Googlebooks Settlement and Privacy

POSTED BY Rick Shera
27 May 2010

posted in | Intellectual Property | Copyright | International | Digital Publishing



Two posts in as many weeks on the Googlebooks settlement.

No, I am not fixated … well, maybe just a little.  But, I think that's understandable because, for me, this settlement ticks all my professional "interest" boxes.

  • At 300+ pages, it is a hugely complex legal labyrinth requiring real attention to detail and concentrated thought in order to unwind it's meaning (yes, I realise that is not everyone's cup of tea but, as the name of this blog suggests, I'm an ICT lawgeek)
  • The sheer awesomeness of the Google vision - to scan and make available tens of millions of books (although not necessarily all to us here in New Zealand since we have stricter copyright laws than in the US).
  • As I posted last week, the copyright issues it raises go to the heart of what copyright was, is and what we might hope it will be in an online environment.
  • The international ramifications of a US class action settlement effectively being used to supersede international treaties and jurisdictional boundaries.
  • The arcane and mysterious relationships between libraries, publishers, authors, collecting societies and purportedly representative bodies - all with their own baggage, but forced by Google's fair-use gameplan, to play ball with each other.  The settlement is not even the sum total of those machinations - there are numerous side agreements between the various parties only some of which are publicly available.

And - to get to the purpose of this post - the massive privacy implications.  I've been musing for years on the concept of online identity, privacy, anonymity etc.  This is not the place to regale you with that.  I'll be speaking on it at the New Zealand Computer Society's 50th Anniversary Conference in September this year -

But, I've just read a very insightful article by Cindy Cohn (legal director) and Kathryn Hashimoto (intern) of the Electronic Frontier Foundation (EFF) on this, entitled, "The Case for Book Privacy Parity: Google Books and the Shift from Offline to Online Reading".

I thought I had a fairly good handle on some of the privacy aspects of the settlement but I was surprised to find there is nothing in the revised settlement document at all about privacy protection, despite many submitters on the first draft settlement document raising privacy as a concern.  Although Google has its own reasonably comprehensive privacy policies, they do not go far enough in EFF's view when it comes to books.  But, the important point in any case is that because the privacy terms are not in the settlement, Google can change them whenever it likes and it would be difficult to obtain any sanction for breach. Facebook anyone?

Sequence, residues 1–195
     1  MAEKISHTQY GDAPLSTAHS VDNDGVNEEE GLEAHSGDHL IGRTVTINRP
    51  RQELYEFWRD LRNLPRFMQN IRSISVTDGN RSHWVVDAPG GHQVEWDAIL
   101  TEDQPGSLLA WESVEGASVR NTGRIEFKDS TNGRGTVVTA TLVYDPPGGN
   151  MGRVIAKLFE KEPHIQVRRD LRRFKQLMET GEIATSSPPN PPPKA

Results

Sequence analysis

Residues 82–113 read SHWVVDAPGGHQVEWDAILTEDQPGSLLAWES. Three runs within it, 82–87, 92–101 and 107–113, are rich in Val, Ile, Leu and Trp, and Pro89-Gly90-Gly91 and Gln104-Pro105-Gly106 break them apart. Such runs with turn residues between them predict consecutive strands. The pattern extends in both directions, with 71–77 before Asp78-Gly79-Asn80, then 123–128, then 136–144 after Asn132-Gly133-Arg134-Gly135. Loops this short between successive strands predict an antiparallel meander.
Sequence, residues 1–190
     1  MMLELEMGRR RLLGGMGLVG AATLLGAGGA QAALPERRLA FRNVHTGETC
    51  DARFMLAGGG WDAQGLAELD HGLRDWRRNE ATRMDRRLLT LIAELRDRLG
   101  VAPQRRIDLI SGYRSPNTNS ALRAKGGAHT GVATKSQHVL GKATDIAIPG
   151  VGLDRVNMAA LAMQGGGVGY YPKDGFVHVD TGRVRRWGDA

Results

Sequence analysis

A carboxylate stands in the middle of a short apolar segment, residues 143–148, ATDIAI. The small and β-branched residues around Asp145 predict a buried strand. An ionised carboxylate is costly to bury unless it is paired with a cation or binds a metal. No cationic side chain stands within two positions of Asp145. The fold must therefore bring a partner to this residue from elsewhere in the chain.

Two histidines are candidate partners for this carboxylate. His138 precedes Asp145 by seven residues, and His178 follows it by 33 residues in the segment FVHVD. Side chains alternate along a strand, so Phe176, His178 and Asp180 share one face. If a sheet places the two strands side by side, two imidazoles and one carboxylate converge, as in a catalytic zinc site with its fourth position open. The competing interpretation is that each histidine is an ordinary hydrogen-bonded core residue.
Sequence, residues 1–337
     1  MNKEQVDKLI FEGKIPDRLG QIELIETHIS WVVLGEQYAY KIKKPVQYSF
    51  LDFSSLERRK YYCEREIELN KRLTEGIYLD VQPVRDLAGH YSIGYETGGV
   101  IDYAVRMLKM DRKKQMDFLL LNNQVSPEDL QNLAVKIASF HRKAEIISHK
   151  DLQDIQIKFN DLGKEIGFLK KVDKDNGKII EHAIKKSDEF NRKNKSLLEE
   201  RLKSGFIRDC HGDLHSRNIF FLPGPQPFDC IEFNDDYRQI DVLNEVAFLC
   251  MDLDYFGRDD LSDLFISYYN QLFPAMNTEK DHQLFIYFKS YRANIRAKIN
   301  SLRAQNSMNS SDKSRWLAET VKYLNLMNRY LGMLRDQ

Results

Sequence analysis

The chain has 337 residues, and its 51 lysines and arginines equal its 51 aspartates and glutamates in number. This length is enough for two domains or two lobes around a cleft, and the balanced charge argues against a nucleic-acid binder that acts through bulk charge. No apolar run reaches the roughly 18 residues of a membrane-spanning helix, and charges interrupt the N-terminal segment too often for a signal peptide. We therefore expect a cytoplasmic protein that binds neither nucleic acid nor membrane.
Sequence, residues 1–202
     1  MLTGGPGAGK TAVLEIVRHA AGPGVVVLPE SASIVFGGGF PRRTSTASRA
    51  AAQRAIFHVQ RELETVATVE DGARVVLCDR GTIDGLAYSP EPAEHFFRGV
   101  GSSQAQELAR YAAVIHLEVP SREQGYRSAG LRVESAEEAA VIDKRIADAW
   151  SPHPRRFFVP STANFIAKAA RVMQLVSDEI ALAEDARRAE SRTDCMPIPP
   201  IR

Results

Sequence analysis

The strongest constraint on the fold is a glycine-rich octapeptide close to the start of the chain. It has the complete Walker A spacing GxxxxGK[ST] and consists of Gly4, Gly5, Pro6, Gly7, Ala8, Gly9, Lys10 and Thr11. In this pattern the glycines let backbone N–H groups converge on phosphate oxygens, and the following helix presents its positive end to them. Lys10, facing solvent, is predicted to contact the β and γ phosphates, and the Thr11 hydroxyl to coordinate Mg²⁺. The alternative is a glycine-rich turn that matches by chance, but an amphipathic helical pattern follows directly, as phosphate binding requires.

The killer piece that shocked me though and which moved me to write this post can't really be paraphrased, so I'll quote it and you can make up your own mind:

"The Google Books services will do a large amount of tracking of readers. It will collect and store the following information as a reader searches and browses:

  • terms the reader uses to search for books;
  • titles and descriptions of books the reader searches for but never reads;
  • titles and descriptions of books the reader finds and browses;
  • pages the reader reviewed and the time spent on each page;
  • titles of books for which access is purchased.

All of that information will be tied to a variety of other information collected while the reader is signed in to a Google account.

Even more significantly, Google Books’ granular tracking of readers will continue long after purchase. In fact, for as long as a purchaser continues to have access to the book, Google Books will continue to track which specific pages are read and reread, even how long is spent on each page read, plus any annotations made by the reader. As EFF observed at the fairness hearing, no library or bookstore could gather as much information about readers as Google Books will, short of hiring someone to follow readers through the stacks and then into their homes."

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